A historic future! What is now Ljungmann AS was founded in 1861 by Christian H. G. Olsen, “instrument maker and commission artist”. Telegraph apparatus, astronomical telescopes and a host of measuring instruments are just a few examples of the ideas and products demonstrated by this Norwegian inventor. Ten international gold medals, the first of these from the 1878 world exhibition in Paris, are tangible proofs of C. H. G. Olsen’s ingenuity.
Highly efficient double cell for manufacturing precision parts.
Fram, the Norwegian polar research ship, has a logbook that few can match. No other wooden vessel has been either as far north or as far south as the Fram. In 1893, Fridtjof Nansen embarked on his expedition to the Arctic. Eighteen years later, Roald Amundsen set course for the Antarctic.
Built and equipped for scientific expeditions, the Fram was a shining example of that time’s state of the art. Not surprisingly, instrument maker Olsen supplied many important articles. Amongst these were his universal theodolites. Together with chronometers, they were of critical importance in establishing positions and thereby assuring the success of the expeditions. From instruments to subcontract manufacture of precision parts More than a hundred years ago, one of Olsen’s leading colleagues, C. A. Ljungmann, took over the company. Since 1994, it has been managed by a fourth generation Ljungmann, Karl-Erik, a well qualified graduate engineer who evidently has three generations of successful instrument making in his blood.
A typical Ljungmann component. From the 1950’s onwards, operations have shifted from development and production of instruments to the subcontract manufacture of small series of complex components to tight tolerances. The customers are predominantly in electrotechnology and marine research. Series size varies between 5 and 1,000, but is normally around 100 pieces. The most common material is aluminium, but steel, brass and plastic also appear quite frequently.
Karl-Erik Ljungmann: “Not least as regards WorkShopManager, the people at System 3R are receptive to what the customer says.” “Some years ago, I started to consider automating production,” reveals Karl-Erik. “For one thing, we needed to get more spindle hours out of the machines. For another, I wanted to have a little free time. If I drop into the workshop for a moment in the evening, the moment easily turns into some hours and the hours into whole evenings.” A third reason was that Karl-Erik was beginning to feel some unease about being able to find new employees. Recruiting experienced operators for Scandinavian workshops was, and is, becoming ever more difficult. Upgrading The first step was to combine a new 5-axis Felhmann P60 with a pallet changer from System 3R. This was a WorkPal with 16 positions for MacroMagnum pallets and in-house fixtures. The fixtures held workpieces that each required 15 – 20 minutes of machining. Thus, at the end of the working day, a fully-loaded pallet gave a further 4 to 5 spindle hours at night. Such results improved the company’s productivity and whetted the appetite. The next step was to invest in a Fehlmann P90, place it next to the P60 and complete the arrangement with a System 3R WorkMaster serving both machines in an automatic double cell. This too uses a MacroMagnum pallet system – primarily with the in-house fixtures, although the occasional vice is also used. Karl-Erik: “Fantastic support from System 3R as regards both software and hardware. A week after the start of installation, the cell was running flat out. The WorkShopManager software has a long list of elegant functions. For example, should one of the machines stop, the software disconnects it and the cell continues to produce as a single cell – superb!”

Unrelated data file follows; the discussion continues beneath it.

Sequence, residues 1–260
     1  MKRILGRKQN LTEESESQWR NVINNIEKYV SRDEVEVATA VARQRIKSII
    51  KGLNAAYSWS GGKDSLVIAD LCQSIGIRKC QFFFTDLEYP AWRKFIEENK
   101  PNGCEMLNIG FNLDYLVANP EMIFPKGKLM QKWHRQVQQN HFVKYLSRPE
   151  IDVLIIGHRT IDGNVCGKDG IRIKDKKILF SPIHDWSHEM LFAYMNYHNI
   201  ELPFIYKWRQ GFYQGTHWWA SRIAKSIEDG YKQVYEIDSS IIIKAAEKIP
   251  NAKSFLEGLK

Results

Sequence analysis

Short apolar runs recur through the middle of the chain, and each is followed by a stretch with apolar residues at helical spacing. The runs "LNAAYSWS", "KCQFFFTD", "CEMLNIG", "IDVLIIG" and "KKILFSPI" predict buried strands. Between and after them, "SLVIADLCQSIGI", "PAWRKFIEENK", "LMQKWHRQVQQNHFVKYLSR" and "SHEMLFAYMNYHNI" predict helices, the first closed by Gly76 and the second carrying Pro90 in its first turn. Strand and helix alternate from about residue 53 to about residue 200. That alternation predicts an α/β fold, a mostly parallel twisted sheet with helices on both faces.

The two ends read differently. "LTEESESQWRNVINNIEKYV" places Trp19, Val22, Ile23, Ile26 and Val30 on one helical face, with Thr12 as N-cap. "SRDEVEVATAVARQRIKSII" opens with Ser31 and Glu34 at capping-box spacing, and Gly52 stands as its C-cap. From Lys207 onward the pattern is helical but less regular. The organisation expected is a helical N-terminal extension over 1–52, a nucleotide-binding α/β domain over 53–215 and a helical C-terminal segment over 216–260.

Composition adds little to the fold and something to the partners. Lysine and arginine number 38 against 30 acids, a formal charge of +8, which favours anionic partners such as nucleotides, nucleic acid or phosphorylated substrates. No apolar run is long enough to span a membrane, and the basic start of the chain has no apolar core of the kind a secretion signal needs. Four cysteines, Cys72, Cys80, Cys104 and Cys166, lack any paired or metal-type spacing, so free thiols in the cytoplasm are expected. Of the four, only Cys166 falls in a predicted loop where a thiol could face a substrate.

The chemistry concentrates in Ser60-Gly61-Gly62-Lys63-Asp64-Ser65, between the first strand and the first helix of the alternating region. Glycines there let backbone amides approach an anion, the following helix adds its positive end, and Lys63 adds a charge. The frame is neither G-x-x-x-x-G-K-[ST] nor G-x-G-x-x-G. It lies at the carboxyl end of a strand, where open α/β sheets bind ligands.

The past is always present at Ljungmann’s – one of the instruments from the Fram expeditions. Andreas Claesson, product manager for System 3R’s software interjects: “Karl-Erik acted precisely as we would like all customers to act. Well in advance of installation, he took time to discuss things so that we could adapt the software to Ljungmann’s way of working. Rather than a question of new development, this was more about configuring the product to the customer’s needs. At heart, WorkShopManager is always the same. However, we can open or hide functions in line with each customer’s wishes.” “Norwegian industry in general suffers from the misconception that the automation of production demands large series. Nothing could be further from the truth. Pallets can give you efficient, automatic, one-off production. Moreover, automation is absolutely essential for development and survival. You just have to take a look around. Ten years ago, we had 15 colleagues/competitors nearby. Today, there are no more than three,” states Karl-Erik Ljungmann.
Weekdays and weekends, full production at Ljungmann’s. Karl-Erik concludes: “Look here at the counters on the machines – at least three times the average spindle hours for a Norwegian workshop. The effect on our productivity and competitiveness is clear. What’s more, I can now spend a weekend up in the cabin while the cell chugs on. If anything happens, I get an error message via SMS and can take suitable action.”
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Layout drawing:WorkMaster & Fehlmann P60 + Fehlmann P90